This was a religion to him; to us, mythical. Beneath the undeniably miscellaneous character of everything Thoreau wrote palpitates this theme. A Week, for example, has not generally made its point. I put in a little Greek now and then, partly because it sounds so much like the ocean. For someone extremely sensitive to words, language having achieved complete nobility, phonetic phenomena and the phenomena of the logos harmonize. But we should have to learn how to meditate very slowly, to experience the inner poetry of the word, the inner immensity of a word.

All important words, all the words marked for grandeur by a poet, are keys to the universe, to the dual universe of the Cosmos and the depths of the human spirit.


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I trust that in this case the loudest voice carries it. On that side some John N. But for Thoreau Christianity can scarcely compete with the voice of the Wild. The pond was a small ocean; the Atlantic, a large Walden Pond. This quasi-anacoluthic sentence, with its painfully suspended period, perfectly enacts the anxiety it expresses: the ocean appears to have no bottom.

Thoreau is faced with a crucial dilemma, for the question of a bottom is fundamental to him. The boy replied that it had. The sea Severs not only lands but also selves. Looking with the eye of faith, knowing that, though to him that knocketh it may not always be opened, yet to him that looketh long enough through a knot-hole the inside shall be visible,—for we had had some practice at looking inward,—by steadily keeping our other ball covered from the light meanwhile, putting the outward world behind us, ocean and land, and the beach,—till the pupil became enlarged and collected the rays of light that were wandering in that dark for the pupil shall be enlarged by looking; there never was so dark a night but a faithful and patient eye, however small, might at last prevail over it, —after all this, I say, things began to take shape to our vision,—if we may use this expression where there was nothing but emptiness,—and we obtained the long-wished-for insight.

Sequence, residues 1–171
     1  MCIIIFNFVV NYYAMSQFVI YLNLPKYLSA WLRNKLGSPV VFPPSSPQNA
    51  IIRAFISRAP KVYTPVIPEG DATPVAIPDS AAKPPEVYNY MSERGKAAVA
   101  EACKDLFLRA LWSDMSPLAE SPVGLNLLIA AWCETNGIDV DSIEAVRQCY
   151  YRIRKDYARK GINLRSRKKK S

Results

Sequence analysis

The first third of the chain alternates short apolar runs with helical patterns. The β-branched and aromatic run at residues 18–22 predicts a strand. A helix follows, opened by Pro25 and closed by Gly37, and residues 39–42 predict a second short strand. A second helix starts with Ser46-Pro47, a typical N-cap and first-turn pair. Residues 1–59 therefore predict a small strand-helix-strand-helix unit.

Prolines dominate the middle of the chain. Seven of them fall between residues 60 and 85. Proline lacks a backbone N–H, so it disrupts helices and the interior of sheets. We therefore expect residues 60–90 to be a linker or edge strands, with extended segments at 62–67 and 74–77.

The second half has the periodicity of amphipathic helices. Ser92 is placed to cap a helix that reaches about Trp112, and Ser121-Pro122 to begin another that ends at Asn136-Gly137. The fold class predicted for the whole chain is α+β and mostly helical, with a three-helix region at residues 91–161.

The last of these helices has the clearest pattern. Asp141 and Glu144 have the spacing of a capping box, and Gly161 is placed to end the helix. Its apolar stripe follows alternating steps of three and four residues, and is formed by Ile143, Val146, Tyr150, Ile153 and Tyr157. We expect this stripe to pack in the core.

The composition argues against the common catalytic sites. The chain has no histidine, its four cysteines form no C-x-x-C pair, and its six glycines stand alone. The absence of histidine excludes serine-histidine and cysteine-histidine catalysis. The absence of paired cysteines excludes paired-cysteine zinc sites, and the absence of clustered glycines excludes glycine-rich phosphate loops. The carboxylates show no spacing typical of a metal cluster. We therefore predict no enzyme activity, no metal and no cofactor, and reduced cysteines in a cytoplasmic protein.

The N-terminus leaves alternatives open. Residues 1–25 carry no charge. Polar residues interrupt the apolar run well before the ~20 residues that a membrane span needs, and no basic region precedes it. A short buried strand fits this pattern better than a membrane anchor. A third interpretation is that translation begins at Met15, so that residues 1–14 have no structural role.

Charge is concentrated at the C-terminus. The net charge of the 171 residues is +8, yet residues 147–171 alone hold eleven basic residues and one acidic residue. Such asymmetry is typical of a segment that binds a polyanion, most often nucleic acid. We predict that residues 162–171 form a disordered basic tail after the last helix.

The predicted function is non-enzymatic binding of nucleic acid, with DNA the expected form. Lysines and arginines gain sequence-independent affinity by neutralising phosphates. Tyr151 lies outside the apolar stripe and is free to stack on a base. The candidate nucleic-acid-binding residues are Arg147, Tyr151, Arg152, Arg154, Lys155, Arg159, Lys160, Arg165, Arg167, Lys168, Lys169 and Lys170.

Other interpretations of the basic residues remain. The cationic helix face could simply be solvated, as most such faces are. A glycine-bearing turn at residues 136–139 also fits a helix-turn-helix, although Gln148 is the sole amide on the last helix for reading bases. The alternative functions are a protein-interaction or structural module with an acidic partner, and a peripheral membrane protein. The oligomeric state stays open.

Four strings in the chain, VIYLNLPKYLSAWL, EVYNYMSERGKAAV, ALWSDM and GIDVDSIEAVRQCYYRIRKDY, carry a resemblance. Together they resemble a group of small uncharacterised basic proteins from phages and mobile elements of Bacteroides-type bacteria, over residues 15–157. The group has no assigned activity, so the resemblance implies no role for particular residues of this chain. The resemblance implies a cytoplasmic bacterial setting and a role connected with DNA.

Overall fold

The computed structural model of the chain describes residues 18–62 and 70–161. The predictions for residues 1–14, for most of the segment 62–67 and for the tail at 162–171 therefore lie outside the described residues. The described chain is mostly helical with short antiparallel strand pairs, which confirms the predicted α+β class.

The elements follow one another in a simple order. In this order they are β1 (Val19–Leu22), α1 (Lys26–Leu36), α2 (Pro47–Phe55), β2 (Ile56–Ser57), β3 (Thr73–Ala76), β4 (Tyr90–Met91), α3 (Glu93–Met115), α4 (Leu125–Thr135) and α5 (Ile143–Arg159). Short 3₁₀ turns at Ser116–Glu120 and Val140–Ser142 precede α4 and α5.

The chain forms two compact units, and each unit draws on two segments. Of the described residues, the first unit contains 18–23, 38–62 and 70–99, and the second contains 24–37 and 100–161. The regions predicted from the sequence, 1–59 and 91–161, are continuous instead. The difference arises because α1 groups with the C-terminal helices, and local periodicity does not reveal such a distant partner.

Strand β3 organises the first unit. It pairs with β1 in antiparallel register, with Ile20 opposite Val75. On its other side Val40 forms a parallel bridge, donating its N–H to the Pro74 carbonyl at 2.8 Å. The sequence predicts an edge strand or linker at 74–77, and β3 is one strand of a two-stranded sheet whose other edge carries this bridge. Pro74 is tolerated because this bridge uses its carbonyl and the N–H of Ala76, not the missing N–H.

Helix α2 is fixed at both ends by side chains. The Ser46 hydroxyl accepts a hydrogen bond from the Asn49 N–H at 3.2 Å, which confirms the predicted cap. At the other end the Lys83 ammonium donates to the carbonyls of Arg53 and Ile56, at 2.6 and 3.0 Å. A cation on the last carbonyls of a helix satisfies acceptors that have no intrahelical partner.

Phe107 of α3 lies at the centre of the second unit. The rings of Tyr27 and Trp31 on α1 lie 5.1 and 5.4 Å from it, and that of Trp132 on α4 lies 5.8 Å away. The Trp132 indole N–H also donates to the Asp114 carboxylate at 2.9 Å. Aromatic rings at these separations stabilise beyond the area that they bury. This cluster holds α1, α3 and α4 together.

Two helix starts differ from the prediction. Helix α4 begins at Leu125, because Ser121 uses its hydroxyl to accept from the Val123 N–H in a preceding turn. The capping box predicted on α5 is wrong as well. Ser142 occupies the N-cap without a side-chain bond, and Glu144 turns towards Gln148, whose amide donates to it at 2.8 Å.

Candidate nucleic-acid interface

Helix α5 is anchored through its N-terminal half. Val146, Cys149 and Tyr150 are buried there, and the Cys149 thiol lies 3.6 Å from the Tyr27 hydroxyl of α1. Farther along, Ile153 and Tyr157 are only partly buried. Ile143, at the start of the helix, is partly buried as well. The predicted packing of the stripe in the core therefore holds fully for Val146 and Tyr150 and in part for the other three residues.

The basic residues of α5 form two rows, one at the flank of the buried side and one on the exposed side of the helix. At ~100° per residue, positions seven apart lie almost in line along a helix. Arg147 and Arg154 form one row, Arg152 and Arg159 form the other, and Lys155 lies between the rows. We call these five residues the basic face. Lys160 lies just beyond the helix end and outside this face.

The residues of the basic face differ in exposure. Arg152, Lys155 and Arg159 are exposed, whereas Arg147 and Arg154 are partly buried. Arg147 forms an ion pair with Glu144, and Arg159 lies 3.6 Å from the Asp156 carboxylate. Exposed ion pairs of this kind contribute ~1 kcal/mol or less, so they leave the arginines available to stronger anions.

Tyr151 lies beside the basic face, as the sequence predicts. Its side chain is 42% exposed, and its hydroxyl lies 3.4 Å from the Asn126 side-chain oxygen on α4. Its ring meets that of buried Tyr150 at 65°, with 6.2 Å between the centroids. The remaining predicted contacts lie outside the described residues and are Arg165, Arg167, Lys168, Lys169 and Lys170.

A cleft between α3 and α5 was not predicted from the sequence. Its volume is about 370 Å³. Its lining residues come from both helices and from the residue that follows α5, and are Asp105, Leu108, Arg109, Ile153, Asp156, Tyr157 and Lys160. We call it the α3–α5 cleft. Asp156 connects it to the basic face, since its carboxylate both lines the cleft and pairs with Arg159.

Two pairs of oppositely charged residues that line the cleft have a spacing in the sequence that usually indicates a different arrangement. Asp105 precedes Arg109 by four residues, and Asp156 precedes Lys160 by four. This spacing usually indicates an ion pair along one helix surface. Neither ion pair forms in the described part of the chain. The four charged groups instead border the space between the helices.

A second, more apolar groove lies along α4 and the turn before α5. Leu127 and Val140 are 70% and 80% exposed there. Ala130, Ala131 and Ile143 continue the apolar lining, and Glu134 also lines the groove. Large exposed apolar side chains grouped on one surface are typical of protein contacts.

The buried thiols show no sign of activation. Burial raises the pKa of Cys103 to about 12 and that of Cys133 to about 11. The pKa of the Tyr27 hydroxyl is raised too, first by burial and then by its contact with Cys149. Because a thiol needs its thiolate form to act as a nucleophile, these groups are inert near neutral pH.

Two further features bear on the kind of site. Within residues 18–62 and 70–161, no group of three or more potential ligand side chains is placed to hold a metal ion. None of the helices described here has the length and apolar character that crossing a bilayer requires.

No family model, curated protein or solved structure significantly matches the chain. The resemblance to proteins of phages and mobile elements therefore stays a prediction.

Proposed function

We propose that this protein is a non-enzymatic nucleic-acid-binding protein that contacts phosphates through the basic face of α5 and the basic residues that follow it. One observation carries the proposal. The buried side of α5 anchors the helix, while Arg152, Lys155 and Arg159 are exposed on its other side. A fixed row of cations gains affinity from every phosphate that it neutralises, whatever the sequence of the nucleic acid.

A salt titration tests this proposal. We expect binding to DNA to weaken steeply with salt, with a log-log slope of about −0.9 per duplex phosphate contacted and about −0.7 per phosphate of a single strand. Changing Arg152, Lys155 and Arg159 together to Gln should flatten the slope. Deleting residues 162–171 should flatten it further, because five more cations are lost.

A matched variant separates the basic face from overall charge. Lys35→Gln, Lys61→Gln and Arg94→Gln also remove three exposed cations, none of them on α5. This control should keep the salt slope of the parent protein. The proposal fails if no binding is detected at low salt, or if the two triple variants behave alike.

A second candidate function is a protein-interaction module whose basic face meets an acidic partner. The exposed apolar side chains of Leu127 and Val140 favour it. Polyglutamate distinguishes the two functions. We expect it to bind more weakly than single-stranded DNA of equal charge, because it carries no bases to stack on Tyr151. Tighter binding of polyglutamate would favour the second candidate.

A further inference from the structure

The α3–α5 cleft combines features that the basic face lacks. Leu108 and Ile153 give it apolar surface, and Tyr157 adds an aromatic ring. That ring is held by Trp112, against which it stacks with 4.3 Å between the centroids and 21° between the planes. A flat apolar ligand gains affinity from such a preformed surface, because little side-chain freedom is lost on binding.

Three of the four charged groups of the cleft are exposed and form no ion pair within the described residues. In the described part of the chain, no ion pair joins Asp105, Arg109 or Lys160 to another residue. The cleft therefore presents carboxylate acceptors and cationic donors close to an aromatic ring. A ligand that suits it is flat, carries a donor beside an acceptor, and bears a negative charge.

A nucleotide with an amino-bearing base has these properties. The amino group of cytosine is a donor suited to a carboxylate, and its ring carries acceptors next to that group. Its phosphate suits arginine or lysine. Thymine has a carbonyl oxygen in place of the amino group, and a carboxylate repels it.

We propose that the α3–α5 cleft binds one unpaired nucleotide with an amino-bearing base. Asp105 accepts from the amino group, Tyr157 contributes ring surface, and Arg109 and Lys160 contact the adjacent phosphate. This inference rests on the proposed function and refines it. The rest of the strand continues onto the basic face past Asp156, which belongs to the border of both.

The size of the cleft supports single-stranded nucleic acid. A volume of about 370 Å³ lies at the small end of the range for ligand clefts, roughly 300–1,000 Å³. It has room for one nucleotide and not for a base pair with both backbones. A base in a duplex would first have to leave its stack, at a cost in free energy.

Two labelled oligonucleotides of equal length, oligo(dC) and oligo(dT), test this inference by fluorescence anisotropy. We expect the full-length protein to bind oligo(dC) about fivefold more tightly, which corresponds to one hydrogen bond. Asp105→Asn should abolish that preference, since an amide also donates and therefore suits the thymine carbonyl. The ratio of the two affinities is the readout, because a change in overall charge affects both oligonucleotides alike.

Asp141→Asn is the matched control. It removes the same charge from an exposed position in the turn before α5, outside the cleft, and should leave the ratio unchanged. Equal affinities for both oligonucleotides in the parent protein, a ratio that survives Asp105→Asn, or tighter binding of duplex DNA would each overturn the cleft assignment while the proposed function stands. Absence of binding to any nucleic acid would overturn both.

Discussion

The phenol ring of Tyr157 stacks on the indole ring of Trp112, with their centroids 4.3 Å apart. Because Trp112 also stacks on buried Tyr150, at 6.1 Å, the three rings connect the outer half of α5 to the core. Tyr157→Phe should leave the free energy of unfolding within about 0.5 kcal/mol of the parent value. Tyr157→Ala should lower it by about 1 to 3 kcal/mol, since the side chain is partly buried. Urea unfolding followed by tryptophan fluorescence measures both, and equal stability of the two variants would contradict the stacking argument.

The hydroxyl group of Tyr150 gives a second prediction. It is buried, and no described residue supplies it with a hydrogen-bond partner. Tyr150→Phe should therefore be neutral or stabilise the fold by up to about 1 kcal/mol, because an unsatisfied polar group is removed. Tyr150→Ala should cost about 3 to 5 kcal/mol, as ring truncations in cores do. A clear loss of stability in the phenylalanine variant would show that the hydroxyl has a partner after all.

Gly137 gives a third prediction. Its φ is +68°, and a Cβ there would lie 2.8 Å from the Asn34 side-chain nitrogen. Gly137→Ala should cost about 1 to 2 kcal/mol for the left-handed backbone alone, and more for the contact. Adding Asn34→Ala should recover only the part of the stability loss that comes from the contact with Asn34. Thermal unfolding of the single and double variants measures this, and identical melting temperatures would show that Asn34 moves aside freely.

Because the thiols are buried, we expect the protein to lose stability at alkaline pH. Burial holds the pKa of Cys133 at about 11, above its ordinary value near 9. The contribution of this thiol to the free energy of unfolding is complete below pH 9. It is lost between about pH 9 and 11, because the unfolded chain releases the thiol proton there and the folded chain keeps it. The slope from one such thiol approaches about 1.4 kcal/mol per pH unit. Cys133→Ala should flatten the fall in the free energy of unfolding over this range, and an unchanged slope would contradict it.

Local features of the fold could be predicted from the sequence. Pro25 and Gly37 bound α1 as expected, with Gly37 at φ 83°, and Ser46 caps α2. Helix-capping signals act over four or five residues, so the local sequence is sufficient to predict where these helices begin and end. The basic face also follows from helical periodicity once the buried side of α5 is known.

Indeed, it was the wreck of all cosmical beauty there within. Turning our backs on the outward world, we thus looked through the knot-hole into the humane house, into the very bowels of mercy; and for bread we found a stone. It was literally a great cry of sea-mews outside , and a little wool. This, then, is what charity hides! So we shivered round about, not being able to get into it, ever and anon looking through the knot-hole into that night without a star, until we concluded that it was not a humane house at all, but a sea-side box, now shut up, belonging to some of the family of night or chaos.